I graduated to Monstercross, eventually (700cx2.0" or bigger tires, with drop bars on a rigid bike). Nowadays, Monstercross has morphed into, simply, drop-bar mountain bike, since 29er (700c) wheels are now the norm for mountain bikes. Most of my bikes, now, fall into that old Monstercross setup, but are now what we call, simply, drop-bar mountain bikes. Twenty-nine-inch tires have become the norm for mtb, so 700x50-60c (2.0-2.3") tires are no longer considered large cross tires but, rather, normal mtb tires. And, old-school 26" and 650b/27.5" tires work just as well with the drop-bar setup, for me.
Budgetary constraints come into play, as well, of course. The cost of a decent suspension fork, on the aftermarket, nowadays is more than the cost of any of the bikes I currently own. The only way to affordably get a decent fork is to invest in a new bike, which would cost at least 150 to 200% of my current most-expensive bike. Even if I wanted to add the complexity and maintenance to my ride, I really don't feel like it's a good investment, anyway.

So, why do I not not have a suspension fork? Basically it just boils down to not wanting/needing one enough to spend the money and time it takes to buy one and set it up.  For those of you who do run them, rock on! Build up and ride the bike that works for you, and I'll do the same.


Tuesday, March 21, 2017

Perfection Is An Elusive Moving Target, and I have Just Fired Yet Another Shot At It

 Recently, Chris at the Pondero blog built up a new bike, which he referred to as related to his vision of the perfect bike, which he had formed in the 1970s, and Adventure Bike. Read his post, and check out his bike here.

Over the years, I have had more than one distinct vision of what would make the perfect bicycle. When I was 10, I wanted a bike with 26" wheels and a basket. I t was my understanding that big wheels would be more efficient than the 20" wheels on my Sears Spyder Bike Stingray clone. The basket would allow me to carry some food and water for all-day excursions. I got that bike, and it was perfect ... for awhile. Then, I started feeling the need for variable speeds, and better brakes, and the ability to ride through the woods and on gravel roads. The 10-speed road bikes of the day would not suit for that. Basically, I wanted a mountain bike.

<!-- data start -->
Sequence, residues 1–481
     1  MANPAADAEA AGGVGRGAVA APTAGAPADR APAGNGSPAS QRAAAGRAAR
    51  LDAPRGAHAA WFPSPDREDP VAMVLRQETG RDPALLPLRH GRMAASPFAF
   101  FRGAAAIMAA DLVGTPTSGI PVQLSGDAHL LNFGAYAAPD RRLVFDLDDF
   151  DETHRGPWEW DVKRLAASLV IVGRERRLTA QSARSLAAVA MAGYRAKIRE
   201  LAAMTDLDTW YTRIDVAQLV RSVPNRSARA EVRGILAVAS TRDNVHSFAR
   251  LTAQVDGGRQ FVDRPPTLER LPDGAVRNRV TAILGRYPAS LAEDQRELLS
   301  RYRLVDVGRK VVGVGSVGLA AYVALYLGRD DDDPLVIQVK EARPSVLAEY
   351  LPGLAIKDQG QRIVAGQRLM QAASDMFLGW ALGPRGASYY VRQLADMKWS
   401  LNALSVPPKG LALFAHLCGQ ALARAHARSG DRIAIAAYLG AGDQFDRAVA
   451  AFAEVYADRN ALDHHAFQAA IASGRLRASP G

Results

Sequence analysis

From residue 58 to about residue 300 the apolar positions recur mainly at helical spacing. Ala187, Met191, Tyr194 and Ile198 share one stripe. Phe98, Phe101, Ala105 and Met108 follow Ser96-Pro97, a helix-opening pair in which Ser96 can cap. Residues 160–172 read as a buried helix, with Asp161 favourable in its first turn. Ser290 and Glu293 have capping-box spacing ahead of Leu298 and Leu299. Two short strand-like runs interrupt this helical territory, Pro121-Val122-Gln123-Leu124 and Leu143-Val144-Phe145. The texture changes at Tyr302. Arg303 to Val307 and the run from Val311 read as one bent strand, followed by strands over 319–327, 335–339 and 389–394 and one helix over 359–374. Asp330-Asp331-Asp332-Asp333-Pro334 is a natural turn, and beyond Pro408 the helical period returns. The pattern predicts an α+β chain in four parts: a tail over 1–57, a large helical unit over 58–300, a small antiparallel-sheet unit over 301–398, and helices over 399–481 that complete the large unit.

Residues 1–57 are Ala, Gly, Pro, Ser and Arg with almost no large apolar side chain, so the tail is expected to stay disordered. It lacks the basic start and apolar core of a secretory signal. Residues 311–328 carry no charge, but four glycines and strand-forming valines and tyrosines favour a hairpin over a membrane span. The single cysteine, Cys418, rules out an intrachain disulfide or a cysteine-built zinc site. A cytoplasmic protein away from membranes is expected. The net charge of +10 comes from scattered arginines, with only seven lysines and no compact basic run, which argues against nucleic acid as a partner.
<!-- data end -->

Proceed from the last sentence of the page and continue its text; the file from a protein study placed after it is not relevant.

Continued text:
But, in 1971, there was no such thing, on a commercial scale. Oh, sure, there were a few outside-the-box thinkers around the world who had married Schwinn 3-speeds and cantilever brakes into "woodsie" bikes, and such. And, the buffalo soldiers made their famous cross country trek in 1896, but there was nothing remotely like a purpose-built mountain bike available in the early 1970s.

John Finley Scott's "Woodsie Bike" from 1953

Eventually, bicycles took a backseat to motorcycles, in my world, and I only returned to pedaling through riding a 10-speed Triumph bicycle in college. Then, one day in 1985, my wife and i were at a book store when I spied the cover of  The Mountain Bike Book, by Rob Van der Plas:

The bike on the front cover of that book spoke volumes to me. It looked like human-powered dirt bike, to my moto-centric way of thinking. The mountain bike looked like the perfect bike, to me, at that point.

Not long after, I had my first mtb under me. It was an inexpensive Motiv, from Sam's club, and i loved it. From it, I moved to a Cannondale SM800 Beast Of The East, thence to a Specialized M2 Stumpjumper, with a Manitou 2 fork on it. Perfection was morphing from a standard, rigid fork and frame mtb, to suspension fork, then full-suspension, equipped machines.

In the late 1990s, my image of perfection took an odd turn toward the cyclocross bike. Drop bars and 35c tires on wide 700c wheels suited me just fine. This setup was a lot more efficient on the road, and still allowed me ride off-road and on gravel. The "perfect" combination of attributes for a bike.

Then came the 29er revolution, and the advent of drop-bar "monster-cross" bikes; essentially 29" mtb's with lower bottom brackets and off-road-oriented drops or variations on the mustache bar. They were not quite as easy to ride on the road (if you ran knobbies), but the ease of off-roading was greatly improved over that of the cyclocross bike.

In 2010, I was approached by my friend Darryl Funk, a custom bike builder, about what I thought would be the the "only bike", the one bike someone could own and not need another. In other words, the Perfect Bike. My list of attributes: